When a video is delivered to the player on the device, the first file to arrive is the manifest file. This file is the “menu” of streams available for playback. The manifest lists all available streams, audio channels, subtitles that the player can utilise in video playback. For simplicity, let’s start with a simple manifest with just video files:
In this example, there are five video streams available. Each stream uses two lines to list all of the stream attributes, and then a link to a child manifest file that lists the segments. The first stream in this list is a 1.57 Mbps video with a resolution of 1280×720.
The first stream
The first stream in the HLS manifest is extremely important. That’s because the player has to choose a stream to start the video playback, and typically, the first stream in the list is chosen. The video startup time, and initial quality is thus determined by the stream at the top of the list.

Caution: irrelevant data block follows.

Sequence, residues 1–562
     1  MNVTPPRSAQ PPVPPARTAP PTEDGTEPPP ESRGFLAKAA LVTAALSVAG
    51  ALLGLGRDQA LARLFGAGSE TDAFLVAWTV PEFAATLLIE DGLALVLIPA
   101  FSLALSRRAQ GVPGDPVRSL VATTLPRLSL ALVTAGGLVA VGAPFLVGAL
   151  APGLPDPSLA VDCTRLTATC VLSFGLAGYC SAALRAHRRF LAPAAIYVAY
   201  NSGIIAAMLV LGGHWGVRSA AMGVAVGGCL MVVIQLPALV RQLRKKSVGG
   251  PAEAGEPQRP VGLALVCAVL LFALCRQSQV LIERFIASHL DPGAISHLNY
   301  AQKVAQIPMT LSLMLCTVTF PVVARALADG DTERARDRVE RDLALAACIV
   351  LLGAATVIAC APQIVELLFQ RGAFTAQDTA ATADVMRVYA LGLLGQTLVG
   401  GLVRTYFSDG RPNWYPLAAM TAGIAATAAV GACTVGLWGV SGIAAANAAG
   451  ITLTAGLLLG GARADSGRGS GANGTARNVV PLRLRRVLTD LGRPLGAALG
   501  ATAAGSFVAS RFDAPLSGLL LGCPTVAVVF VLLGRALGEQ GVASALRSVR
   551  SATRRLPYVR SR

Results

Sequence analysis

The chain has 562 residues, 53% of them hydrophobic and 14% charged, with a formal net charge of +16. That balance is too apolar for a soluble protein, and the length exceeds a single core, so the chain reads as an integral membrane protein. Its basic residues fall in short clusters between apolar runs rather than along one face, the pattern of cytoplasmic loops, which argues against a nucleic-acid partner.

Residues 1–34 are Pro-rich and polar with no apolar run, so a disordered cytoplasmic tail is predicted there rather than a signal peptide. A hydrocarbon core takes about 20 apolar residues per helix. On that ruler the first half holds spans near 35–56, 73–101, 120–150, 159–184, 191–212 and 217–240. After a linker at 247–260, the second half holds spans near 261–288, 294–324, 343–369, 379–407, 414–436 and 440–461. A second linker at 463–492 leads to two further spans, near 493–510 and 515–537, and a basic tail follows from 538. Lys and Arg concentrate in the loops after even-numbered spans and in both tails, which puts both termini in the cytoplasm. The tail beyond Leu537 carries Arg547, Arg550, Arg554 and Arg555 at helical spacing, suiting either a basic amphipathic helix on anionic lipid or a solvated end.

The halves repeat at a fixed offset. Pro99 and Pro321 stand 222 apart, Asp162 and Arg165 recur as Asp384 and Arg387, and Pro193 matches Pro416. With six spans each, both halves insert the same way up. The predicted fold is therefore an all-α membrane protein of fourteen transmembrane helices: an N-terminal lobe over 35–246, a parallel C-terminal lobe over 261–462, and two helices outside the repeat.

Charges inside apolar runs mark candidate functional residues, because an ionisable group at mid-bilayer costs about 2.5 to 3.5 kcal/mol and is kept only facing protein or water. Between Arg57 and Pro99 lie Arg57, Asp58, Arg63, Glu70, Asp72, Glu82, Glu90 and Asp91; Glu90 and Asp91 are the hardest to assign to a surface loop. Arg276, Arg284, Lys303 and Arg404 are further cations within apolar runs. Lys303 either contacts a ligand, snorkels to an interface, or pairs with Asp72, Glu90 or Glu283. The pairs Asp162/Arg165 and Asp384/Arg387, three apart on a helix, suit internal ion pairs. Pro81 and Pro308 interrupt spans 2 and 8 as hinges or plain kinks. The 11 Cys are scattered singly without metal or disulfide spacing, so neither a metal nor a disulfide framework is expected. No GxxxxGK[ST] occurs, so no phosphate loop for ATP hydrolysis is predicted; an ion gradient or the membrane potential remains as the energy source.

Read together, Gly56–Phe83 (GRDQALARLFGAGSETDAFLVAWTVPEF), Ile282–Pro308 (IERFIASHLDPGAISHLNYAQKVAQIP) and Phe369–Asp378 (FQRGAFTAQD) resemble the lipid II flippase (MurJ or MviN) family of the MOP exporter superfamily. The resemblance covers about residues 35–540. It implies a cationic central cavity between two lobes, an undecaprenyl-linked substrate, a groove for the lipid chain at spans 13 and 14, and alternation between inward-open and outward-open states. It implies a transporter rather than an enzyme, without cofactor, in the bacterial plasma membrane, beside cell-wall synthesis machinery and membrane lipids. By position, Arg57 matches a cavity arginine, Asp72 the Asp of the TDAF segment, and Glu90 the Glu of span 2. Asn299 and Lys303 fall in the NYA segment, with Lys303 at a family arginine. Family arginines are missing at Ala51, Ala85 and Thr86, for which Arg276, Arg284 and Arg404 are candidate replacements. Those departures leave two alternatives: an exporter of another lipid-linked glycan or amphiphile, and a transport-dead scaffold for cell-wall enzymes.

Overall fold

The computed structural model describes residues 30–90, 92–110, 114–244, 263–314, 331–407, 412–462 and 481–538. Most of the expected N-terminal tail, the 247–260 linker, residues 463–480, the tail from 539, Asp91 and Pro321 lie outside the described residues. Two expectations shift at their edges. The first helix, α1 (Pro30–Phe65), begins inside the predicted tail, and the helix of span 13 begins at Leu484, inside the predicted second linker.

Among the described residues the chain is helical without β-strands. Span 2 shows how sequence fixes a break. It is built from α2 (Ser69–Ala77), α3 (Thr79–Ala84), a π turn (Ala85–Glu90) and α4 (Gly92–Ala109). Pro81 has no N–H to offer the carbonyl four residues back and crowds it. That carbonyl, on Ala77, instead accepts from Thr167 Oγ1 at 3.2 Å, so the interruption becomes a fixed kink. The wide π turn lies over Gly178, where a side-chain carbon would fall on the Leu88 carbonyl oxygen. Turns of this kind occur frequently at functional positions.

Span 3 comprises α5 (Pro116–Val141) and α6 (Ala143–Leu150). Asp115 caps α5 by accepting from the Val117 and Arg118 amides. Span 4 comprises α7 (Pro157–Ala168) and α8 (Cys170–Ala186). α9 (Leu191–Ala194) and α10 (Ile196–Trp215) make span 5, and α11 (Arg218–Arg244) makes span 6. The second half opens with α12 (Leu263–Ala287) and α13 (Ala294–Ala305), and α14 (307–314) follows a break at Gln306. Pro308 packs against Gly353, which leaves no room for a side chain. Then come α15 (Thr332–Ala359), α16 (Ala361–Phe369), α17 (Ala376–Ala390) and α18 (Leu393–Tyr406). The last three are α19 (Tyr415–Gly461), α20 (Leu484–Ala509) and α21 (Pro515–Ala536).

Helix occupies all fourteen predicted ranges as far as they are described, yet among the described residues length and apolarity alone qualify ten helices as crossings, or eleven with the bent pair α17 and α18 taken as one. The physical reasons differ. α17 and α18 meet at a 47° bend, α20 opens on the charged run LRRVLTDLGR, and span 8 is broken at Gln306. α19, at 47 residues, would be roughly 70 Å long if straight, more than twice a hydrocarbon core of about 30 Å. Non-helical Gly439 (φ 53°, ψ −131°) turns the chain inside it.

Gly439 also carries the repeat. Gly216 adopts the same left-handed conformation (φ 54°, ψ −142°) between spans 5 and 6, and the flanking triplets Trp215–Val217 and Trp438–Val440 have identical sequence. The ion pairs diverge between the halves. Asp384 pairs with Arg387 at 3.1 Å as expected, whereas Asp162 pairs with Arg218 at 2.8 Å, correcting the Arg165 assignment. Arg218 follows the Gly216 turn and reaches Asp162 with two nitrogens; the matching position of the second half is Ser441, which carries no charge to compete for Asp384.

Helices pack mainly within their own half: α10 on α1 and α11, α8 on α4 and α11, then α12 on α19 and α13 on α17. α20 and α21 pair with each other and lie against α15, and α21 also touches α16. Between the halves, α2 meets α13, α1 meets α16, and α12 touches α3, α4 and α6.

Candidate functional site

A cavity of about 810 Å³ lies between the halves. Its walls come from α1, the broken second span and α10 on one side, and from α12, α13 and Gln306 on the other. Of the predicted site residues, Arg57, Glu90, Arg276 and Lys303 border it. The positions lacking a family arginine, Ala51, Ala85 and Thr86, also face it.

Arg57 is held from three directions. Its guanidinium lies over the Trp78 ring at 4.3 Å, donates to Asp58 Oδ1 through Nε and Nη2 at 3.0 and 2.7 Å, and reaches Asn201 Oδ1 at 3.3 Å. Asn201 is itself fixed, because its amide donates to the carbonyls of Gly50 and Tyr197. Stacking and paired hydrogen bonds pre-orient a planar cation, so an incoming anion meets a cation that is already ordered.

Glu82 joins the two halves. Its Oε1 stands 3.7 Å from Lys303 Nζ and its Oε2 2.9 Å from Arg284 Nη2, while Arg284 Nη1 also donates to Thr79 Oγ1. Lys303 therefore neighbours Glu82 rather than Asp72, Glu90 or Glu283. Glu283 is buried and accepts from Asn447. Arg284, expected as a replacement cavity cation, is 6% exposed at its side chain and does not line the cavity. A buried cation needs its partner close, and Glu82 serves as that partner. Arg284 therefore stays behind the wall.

The next request by the player is for the child manifest of this bitrate. This manifest file lists information about each segment of the stream:
Each segment in this manifest is represented by three rows of data.
#EXTINF represents the length of the segment in seconds.
EXT-X-BYTERANGE gives the
<number of bytes in segment>@<starting bytes of segment>, and the third line is the URL of the segment to be downloaded.
We can monitor this process with WebPageTest:
- Webpage HTML
- Master M3U8 manifest file
- 404 — I don’t have a favicon on this site
- Child M3U8 file
- ts file — the initial video segment
- ts file — the initial video segment
Once the stream has started, the player can track how quickly the chunks of video are downloaded — estimating the bandwidth of the connection. If the bitrate is higher than the bandwidth, the video will not download fast enough to keep pace with playback, so the player will switch to a lower quality stream that will allow uninterrupted playback.
Expanding the WebPageTest waterfall above: request 8 is for another child m3u8 (for a lower bitrate stream), and the subsequent ts files are downloaded faster, allowing for the video buffer to fill up faster. This indicates that the player decided that a lower bitrate would allow better playback of the video.
Double take on bitrate changes
The player will continue to adjust the downloaded segments to optimise the quality of the video, while ensuring that the video fits underneath the network bandwidth cap. In the waterfall below, there are three child m3u8 files requested: